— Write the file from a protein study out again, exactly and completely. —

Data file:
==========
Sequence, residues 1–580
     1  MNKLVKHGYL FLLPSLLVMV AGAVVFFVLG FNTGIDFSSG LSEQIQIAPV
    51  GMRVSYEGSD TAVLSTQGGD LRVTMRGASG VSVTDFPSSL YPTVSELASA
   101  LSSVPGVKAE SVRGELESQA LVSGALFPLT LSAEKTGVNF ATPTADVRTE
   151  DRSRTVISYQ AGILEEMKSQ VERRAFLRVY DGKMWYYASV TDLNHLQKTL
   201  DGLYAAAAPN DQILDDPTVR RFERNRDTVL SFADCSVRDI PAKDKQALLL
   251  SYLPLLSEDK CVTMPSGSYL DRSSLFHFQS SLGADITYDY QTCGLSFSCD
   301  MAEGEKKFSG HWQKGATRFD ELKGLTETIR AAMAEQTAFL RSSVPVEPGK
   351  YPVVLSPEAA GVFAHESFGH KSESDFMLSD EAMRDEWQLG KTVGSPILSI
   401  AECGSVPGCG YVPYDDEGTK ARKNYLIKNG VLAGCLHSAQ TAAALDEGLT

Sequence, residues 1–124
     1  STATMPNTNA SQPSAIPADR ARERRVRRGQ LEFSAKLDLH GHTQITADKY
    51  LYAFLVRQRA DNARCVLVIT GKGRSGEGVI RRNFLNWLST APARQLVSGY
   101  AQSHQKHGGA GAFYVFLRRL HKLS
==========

Sequence, residues 1–580
     1  MNKLVKHGYL FLLPSLLVMV AGAVVFFVLG FNTGIDFSSG LSEQIQIAPV
    51  GMRVSYEGSD TAVLSTQGGD LRVTMRGASG VSVTDFPSSL YPTVSELASA
   101  LSSVPGVKAE SVRGELESQA LVSGALFPLT LSAEKTGVNF ATPTADVRTE
   151  DRSRTVISYQ AGILEEMKSQ VERRAFLRVY DGKMWYYASV TDLNHLQKTL
   201  DGLYAAAAPN DQILDDPTVR RFERNRDTVL SFADCSVRDI PAKDKQALLL
   251  SYLPLLSEDK CVTMPSGSYL DRSSLFHFQS SLGADITYDY QTCGLSFSCD
   301  MAEGEKKFSG HWQKGATRFD ELKGLTETIR AAMAEQTAFL RSSVPVEPGK
   351  YPVVLSPEAA GVFAHESFGH KSESDFMLSD EAMRDEWQLG KTVGSPILSI
   401  AECGSVPGCG YVPYDDEGTK ARKNYLIKNG VLAGCLHSAQ TAAALDEGLT

Sequence, residues 1–124
     1  STATMPNTNA SQPSAIPADR ARERRVRRGQ LEFSAKLDLH GHTQITADKY
    51  LYAFLVRQRA DNARCVLVIT GKGRSGEGVI RRNFLNWLST APARQLVSGY
   101  AQSHQKHGGA GAFYVFLRRL HKLS